The few intact foot bones are not adequate to make any determination as to the type of gait Ardi displayed. The researchers have based their conclusions on incomplete data and given a biomechanical analysis that is more bias than fact and should not be considered credible.

The research group even hired a biomechanical lab (LifeModeler, Inc.) to run computer animations of Ardi’s gait. On the LifeModeler website, it states that the world’s leading anthropologists use LifeMOD to reconstruct millions of years of evolution and understand the origins of humankind.

The LifeModeler team was engaged to provide information on the age-old question of how early hominids became bipedal for the Discovering ARDI television special featured on the Discovery Channel. The study, not unlike a forensic investigation from an episode of CSI, entailed examining a set of bones from the discovery and recreating a LifeMOD biomechanical model using clues discovered from the bones. LifeModeler engineers, working in conjunction with Professor Owen Lovejoy, built Ardi’s musculoskeletal structure using LifeMOD software. Using the software to control various muscular activities, the model was used to provide insight into a foot structure which could both climb a tree and walk effectively.2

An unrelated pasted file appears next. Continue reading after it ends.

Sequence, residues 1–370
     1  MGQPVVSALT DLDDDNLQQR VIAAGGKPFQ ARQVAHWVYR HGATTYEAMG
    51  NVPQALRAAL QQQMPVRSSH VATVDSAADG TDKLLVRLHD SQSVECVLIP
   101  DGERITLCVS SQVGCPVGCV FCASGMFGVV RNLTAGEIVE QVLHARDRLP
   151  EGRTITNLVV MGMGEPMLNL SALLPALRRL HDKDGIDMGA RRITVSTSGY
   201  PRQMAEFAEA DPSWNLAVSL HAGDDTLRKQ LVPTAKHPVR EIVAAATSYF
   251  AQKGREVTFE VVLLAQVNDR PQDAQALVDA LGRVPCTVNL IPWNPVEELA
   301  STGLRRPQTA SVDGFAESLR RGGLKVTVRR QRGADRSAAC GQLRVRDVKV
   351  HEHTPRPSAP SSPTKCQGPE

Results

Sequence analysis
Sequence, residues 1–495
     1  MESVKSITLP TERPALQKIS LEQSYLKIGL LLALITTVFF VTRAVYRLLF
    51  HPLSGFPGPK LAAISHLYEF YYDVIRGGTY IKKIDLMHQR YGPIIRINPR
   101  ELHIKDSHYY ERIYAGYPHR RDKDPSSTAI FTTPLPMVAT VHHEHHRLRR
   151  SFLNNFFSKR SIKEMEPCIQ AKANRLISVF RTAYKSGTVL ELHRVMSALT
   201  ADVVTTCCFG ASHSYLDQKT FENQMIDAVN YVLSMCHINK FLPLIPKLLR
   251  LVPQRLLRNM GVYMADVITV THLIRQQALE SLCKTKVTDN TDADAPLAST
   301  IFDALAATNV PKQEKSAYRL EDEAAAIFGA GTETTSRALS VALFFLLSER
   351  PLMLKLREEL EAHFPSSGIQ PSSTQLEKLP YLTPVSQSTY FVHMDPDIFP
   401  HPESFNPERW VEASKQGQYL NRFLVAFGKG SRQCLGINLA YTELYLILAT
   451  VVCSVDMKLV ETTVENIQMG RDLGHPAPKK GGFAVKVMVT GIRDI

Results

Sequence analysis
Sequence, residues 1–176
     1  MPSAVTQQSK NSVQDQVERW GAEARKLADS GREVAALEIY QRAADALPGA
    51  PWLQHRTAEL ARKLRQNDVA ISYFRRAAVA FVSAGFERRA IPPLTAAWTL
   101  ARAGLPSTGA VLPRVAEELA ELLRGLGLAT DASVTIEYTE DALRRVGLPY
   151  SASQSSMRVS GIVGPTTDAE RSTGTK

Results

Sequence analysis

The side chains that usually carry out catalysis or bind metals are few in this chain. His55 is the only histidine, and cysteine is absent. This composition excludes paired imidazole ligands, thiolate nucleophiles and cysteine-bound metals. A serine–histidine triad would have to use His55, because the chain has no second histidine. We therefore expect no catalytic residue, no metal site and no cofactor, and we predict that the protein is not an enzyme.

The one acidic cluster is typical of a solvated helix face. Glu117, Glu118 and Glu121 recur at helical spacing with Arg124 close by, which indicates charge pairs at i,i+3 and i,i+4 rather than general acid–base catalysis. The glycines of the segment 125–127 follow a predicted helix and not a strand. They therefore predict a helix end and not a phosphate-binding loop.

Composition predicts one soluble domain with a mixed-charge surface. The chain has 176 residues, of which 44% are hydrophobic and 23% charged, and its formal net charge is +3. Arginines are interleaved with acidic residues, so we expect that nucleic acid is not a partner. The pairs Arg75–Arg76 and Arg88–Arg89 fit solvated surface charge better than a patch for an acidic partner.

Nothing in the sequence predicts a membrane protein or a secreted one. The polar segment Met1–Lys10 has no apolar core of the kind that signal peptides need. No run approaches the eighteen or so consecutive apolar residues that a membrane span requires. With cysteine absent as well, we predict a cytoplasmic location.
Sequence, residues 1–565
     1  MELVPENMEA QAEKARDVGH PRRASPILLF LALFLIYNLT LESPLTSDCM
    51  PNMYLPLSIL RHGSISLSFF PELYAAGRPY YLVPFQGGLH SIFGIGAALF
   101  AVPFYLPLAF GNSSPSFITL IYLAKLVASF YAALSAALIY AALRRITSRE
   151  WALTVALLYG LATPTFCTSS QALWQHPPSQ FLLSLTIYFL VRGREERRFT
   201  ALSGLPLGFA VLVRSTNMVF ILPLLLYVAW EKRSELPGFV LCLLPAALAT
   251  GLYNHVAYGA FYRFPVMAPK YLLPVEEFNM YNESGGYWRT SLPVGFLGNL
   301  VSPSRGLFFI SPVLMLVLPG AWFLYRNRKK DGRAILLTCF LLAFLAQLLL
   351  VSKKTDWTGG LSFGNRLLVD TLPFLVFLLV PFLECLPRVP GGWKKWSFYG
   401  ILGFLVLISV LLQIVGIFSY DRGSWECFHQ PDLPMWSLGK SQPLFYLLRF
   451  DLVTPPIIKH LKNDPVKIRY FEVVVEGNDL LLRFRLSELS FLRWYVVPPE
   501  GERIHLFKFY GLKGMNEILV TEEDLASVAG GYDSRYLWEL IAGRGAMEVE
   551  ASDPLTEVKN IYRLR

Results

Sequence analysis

The researchers admit in the Discovery video that part of the phase of gait called propulsion, which involves toe off, is a difficult issue to overcome as a result of the opposable big toe. The lab researchers state that they would have to adjust their software to produce an animation of Ardi.3 One can only imagine why.